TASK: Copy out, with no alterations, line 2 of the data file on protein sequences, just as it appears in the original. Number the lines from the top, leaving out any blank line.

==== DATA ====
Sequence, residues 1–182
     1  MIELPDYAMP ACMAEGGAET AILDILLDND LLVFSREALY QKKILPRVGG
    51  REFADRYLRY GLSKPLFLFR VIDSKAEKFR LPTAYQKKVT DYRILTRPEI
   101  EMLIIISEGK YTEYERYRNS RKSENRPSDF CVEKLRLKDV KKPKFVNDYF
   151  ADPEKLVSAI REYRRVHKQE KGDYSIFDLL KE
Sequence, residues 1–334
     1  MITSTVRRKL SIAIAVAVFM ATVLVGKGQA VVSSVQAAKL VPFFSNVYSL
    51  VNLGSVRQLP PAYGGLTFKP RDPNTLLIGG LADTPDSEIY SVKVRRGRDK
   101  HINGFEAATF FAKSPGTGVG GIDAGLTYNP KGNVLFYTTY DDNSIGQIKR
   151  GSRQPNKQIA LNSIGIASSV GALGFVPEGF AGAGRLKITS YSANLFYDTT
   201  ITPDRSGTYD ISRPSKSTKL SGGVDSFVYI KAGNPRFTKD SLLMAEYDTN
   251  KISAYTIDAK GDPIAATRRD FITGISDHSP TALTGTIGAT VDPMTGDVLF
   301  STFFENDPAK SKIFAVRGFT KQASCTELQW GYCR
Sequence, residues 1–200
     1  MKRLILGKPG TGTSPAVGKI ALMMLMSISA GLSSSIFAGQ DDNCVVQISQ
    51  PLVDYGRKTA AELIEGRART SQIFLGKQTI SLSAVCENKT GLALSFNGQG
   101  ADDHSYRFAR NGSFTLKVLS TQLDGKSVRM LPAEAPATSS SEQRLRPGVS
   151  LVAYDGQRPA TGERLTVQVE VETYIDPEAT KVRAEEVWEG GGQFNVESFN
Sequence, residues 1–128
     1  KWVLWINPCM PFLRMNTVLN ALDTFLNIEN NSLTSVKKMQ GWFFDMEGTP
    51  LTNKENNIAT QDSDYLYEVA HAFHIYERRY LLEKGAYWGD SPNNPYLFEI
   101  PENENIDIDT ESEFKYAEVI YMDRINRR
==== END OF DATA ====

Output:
     1  MIELPDYAMP ACMAEGGAET AILDILLDND LLVFSREALY QKKILPRVGG